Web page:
16. Tim Vaughn was the drummer for the bands Creepy T's and Kreamy ‘Lectric Santa in Miami. What his relationship with Manson was, I have no idea, so why should I trust anything he says? Also, this is a story that sounds like it had more context to it.

17. Notice the article keeps on referring to Manson as "Warner". This is being done on purpose, to show that by adopting the Manson name, he in fact became a "monster" like the prototype.

18. Rolling Stone associates the early references of Manson to "beating your mom" and "killing your parents" as something that reflected his real life, when in fact it was just a statement of rebelliousness meant to provoke, but Rolling Stone has a narrative and they will follow it any which way they can. Funny how a rock magazine doesn't get the idea of provocation through art.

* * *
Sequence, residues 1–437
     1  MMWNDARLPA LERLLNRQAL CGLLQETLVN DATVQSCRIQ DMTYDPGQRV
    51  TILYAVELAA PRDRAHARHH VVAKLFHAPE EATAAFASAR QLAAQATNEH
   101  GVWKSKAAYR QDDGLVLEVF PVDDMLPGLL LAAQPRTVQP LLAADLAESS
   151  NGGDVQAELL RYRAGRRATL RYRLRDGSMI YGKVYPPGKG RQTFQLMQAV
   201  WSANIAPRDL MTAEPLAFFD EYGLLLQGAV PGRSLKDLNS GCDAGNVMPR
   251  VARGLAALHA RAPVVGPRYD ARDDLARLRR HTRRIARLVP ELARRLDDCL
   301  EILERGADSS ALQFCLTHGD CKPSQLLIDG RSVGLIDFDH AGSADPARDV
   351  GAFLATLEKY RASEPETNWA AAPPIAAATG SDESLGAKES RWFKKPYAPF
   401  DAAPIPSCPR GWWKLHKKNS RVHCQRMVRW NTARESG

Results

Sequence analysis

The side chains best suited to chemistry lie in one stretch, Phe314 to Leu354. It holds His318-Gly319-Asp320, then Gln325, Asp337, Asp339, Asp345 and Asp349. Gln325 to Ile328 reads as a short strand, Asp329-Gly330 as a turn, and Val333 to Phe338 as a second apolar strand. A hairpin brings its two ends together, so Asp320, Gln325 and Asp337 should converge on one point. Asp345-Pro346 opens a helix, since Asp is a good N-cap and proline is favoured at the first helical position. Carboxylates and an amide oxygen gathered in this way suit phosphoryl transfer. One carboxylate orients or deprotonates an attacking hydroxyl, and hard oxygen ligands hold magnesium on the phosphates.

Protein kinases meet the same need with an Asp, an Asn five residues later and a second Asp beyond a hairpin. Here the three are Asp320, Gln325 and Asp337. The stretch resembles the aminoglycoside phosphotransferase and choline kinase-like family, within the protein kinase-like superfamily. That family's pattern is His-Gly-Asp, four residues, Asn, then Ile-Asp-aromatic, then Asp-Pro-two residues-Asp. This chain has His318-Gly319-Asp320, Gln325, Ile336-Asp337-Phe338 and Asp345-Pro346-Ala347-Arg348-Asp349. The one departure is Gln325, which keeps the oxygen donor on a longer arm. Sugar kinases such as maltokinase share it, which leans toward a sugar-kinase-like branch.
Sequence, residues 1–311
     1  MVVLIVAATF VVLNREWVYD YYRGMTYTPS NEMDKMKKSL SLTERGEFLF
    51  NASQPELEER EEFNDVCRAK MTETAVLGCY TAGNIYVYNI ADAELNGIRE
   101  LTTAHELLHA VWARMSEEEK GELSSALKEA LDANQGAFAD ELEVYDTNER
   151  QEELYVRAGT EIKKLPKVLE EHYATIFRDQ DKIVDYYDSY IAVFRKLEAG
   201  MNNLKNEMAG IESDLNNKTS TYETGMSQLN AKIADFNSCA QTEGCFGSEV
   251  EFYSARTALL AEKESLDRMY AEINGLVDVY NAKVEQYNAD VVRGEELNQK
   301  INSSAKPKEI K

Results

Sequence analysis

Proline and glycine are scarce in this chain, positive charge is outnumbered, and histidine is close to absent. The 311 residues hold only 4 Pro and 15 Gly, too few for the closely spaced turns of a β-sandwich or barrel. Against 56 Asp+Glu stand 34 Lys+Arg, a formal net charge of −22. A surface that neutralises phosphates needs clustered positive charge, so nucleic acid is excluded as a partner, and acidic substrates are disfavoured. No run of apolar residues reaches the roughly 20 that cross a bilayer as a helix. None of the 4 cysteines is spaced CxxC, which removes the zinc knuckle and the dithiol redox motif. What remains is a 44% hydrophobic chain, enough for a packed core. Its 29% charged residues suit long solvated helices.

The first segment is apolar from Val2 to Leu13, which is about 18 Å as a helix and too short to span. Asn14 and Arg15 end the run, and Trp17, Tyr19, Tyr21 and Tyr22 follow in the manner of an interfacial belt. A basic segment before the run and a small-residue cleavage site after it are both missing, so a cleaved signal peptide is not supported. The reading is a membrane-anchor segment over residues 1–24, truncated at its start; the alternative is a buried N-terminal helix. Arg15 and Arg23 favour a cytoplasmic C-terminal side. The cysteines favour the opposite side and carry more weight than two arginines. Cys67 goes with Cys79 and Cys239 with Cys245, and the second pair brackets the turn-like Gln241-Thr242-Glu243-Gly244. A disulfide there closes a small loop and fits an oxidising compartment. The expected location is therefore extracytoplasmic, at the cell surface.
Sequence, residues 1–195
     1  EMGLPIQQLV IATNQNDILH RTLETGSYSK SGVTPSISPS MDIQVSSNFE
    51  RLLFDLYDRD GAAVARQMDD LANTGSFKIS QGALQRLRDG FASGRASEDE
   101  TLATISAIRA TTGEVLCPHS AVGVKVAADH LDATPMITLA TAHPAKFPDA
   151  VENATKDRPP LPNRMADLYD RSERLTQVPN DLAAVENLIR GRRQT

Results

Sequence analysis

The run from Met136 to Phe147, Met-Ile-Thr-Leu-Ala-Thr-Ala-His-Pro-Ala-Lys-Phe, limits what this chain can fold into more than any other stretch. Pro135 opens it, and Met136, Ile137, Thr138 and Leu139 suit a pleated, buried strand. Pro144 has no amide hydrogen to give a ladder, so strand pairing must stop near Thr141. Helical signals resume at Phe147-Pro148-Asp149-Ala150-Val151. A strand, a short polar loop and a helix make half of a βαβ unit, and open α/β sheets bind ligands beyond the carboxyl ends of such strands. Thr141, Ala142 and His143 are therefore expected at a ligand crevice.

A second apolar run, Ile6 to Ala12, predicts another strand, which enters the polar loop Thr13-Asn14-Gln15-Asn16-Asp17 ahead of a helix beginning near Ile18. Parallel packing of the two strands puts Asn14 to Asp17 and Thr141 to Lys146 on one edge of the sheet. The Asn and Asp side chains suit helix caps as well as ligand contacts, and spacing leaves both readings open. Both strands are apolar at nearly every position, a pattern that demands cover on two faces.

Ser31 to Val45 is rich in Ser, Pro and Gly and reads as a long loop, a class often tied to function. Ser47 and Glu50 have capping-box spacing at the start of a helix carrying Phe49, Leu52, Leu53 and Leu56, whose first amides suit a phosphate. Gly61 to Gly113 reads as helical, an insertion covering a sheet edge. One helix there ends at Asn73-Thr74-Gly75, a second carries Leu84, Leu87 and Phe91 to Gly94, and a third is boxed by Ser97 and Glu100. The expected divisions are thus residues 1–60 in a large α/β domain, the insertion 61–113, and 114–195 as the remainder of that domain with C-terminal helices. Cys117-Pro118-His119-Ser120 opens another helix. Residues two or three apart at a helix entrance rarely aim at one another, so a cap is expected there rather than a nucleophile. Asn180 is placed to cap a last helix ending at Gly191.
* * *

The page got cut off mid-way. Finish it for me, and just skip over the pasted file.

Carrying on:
19. The one-liner statements, especially of anonymous sources, do not reveal anything if not placed in context of how they are using it. Rolling Stone, however, is manipulating its readers, and in a cult-like fashion are forming for themselves the context of these one-liners within their own narrative.

20. Every time Rolling Stone quotes from Demystifying the Devil, which is a documentary tribute to Manson's early career, they do it to present something sinister, and when they quote former 25th Parallel editor Paul Gallotta out of context, they try to present Manson as a serial killer for being a shy, quiet person. Serial killers aren't even shy and quiet, maybe some, but it is not a defining characteristic, and certainly not all shy and quiet people are serial killers. But hey, if the comment fits a narrative, who cares about the context.